How Long Does a Default Divorce Take in Florida?
Divorce can be a lengthy and complex process, but it becomes even more complicated when one party fails to respond or participate in the proceedings. In Florida, a default divorce occurs when one spouse fails to respond to the divorce petition within a specified time frame. In such cases, the court can proceed with the divorce based on the filing spouse’s requests alone. However, it is essential to understand the timeline and requirements for a default divorce in Florida. This article will provide an overview of the process and answer some frequently asked questions.
The Timeline for a Default Divorce in Florida:
1. Filing the Petition: The process begins when one spouse files a Petition for Dissolution of Marriage with the local circuit court. This document outlines the grounds for divorce and the desired outcome regarding child custody, division of assets, alimony, and other relevant issues.
2. Serving the Other Party: After filing the petition, the filing spouse must serve the other party with a copy of the petition and a summons. This ensures that the other party is aware of the divorce proceedings and has an opportunity to respond.
3. Waiting Period: In Florida, there is a mandatory waiting period of at least 20 days after serving the petition before the court can proceed with the default divorce. This waiting period allows the other party to respond or seek legal representation if they wish to contest the divorce.
4. Failure to Respond: If the other party fails to respond within the specified time frame, typically 20 days, the court may proceed with the default divorce. The filing spouse must then file a Motion for Default with the court, requesting the divorce be granted based on their initial requests.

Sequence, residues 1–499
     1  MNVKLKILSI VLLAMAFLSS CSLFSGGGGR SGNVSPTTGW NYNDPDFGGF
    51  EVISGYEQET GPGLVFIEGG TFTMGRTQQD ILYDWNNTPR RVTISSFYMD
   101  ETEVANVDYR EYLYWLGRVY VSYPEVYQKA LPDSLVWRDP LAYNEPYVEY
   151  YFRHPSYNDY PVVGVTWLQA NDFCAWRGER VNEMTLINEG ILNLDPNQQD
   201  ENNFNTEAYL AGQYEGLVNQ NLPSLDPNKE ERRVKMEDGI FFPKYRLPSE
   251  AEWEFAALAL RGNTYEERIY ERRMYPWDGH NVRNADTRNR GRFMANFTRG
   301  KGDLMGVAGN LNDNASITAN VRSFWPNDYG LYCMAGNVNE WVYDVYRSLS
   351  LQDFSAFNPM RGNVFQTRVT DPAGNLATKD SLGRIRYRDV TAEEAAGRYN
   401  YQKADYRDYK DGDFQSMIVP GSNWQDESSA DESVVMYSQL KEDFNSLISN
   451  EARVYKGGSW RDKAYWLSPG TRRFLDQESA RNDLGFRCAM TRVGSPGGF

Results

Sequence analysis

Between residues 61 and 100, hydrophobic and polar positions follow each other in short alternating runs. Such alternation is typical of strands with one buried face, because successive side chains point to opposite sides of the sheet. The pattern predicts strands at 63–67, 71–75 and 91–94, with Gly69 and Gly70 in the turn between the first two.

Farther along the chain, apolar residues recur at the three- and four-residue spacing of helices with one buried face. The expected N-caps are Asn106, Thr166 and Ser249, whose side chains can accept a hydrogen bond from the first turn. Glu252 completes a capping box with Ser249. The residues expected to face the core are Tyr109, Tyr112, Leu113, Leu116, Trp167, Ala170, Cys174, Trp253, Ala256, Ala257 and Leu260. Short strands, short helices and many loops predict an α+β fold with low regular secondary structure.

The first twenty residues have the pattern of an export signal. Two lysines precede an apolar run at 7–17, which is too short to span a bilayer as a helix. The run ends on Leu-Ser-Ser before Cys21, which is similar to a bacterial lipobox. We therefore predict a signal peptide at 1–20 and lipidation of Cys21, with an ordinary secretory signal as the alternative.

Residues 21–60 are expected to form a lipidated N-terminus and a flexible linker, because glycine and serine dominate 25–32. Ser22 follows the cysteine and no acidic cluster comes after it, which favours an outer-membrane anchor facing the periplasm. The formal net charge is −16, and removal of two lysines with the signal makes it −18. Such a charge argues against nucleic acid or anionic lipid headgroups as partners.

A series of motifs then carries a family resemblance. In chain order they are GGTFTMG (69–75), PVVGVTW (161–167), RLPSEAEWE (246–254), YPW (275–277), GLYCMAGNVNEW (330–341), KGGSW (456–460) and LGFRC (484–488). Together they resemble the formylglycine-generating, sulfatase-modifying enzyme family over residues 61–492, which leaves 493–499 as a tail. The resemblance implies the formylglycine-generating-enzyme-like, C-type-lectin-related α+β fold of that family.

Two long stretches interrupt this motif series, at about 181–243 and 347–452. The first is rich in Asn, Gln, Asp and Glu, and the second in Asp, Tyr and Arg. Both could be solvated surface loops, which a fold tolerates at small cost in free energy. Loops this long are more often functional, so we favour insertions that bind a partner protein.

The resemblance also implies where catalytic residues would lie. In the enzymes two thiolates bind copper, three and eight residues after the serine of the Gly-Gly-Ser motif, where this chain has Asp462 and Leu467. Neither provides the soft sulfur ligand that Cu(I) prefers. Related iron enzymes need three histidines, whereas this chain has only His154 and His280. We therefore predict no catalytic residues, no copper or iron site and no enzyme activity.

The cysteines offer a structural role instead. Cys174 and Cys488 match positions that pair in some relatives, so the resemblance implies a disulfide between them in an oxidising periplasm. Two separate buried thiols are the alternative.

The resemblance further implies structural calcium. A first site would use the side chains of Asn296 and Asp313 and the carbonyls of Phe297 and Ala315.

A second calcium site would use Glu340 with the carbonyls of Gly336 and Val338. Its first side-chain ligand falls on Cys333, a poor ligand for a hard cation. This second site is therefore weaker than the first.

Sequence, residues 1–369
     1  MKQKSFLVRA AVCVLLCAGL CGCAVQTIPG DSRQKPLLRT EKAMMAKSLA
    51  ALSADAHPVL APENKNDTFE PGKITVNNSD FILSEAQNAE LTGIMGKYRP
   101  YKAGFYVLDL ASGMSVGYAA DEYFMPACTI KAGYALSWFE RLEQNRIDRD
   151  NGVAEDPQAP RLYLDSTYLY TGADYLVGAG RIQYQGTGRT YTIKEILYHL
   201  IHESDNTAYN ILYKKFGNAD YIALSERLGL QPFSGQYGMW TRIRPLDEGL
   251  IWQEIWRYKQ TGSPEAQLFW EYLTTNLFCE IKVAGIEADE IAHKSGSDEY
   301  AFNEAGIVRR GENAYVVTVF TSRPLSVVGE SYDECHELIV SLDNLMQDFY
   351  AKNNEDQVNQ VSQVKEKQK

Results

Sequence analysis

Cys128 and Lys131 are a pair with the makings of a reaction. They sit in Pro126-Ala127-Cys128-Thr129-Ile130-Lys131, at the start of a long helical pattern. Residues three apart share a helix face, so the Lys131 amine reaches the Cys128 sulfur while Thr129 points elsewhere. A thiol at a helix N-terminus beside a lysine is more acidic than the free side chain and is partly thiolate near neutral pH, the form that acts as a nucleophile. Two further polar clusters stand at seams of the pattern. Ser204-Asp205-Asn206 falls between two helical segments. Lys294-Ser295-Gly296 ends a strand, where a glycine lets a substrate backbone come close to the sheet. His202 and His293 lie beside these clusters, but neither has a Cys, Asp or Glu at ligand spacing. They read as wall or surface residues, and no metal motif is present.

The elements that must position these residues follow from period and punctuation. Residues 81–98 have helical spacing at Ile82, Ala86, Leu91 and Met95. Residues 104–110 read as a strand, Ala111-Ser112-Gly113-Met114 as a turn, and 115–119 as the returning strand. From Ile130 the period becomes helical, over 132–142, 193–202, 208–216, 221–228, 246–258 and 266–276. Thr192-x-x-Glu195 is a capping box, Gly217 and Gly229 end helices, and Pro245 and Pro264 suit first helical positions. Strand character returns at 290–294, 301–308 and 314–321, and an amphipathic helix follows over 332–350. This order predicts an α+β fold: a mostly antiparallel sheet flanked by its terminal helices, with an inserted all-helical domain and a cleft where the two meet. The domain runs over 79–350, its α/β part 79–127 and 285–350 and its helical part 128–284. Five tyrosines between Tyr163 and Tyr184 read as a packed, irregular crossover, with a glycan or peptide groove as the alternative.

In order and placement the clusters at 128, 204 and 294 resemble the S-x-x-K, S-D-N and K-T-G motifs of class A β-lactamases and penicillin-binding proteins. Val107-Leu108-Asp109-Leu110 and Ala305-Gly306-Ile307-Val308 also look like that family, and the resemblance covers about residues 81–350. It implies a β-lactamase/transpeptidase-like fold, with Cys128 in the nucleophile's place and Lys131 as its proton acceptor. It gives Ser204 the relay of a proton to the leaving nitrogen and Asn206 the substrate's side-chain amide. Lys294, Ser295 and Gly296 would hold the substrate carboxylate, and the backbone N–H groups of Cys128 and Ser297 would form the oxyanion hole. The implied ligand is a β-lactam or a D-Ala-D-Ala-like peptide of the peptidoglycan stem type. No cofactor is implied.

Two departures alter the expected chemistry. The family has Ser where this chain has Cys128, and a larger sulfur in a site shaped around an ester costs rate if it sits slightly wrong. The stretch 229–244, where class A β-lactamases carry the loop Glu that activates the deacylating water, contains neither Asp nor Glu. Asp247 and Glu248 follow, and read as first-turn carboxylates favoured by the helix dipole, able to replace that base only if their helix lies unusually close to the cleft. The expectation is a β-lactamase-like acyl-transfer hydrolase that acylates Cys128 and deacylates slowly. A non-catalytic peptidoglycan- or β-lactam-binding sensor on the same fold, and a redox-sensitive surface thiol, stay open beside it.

5. Default Hearing: Once the Motion for Default is filed, the court will review the paperwork and schedule a default hearing. During this hearing, the judge will review the terms outlined in the Petition for Dissolution of Marriage and make a decision. The hearing is usually a formality, and the judge will likely grant the divorce based on the filing spouse’s requests.
6. Final Judgment: After the default hearing, the court will issue a final judgment of divorce. This document officially ends the marriage and outlines the terms of the divorce, such as child custody, division of assets, and alimony. Both parties will receive a copy of the final judgment.
Frequently Asked Questions:
Q: Can I still contest the divorce if I missed the deadline to respond?
A: If you missed the deadline to respond, it becomes more challenging to contest the divorce. However, you may be able to file a Motion to Set Aside Default, explaining the reasons for your failure to respond and requesting the court to reconsider the default judgment.
Q: What if I receive a divorce petition but cannot locate my spouse?
A: If you are unable to locate your spouse, you must make reasonable efforts to find them. If your attempts are unsuccessful, you can request permission from the court to serve your spouse by publication. This involves publishing a notice of the divorce in a local newspaper for a specified period.
Q: How long does the entire default divorce process take?
A: The timeline for a default divorce varies depending on factors such as court availability and the complexity of the case. Generally, it can take several months to complete the process from the initial filing to receiving the final judgment.
Q: Can I make changes to the terms of the divorce after the default judgment is issued?
A: Making changes to the terms of the divorce after the default judgment is challenging. It is crucial to consult with an attorney before the final judgment is issued to ensure your desired terms are included.
In conclusion, a default divorce in Florida occurs when one party fails to respond within the specified time frame. The process involves filing a petition, serving the other party, waiting for a response, and proceeding with a default hearing if necessary. While default divorces can expedite the process, it is crucial to understand the requirements and seek legal advice to ensure your rights are protected.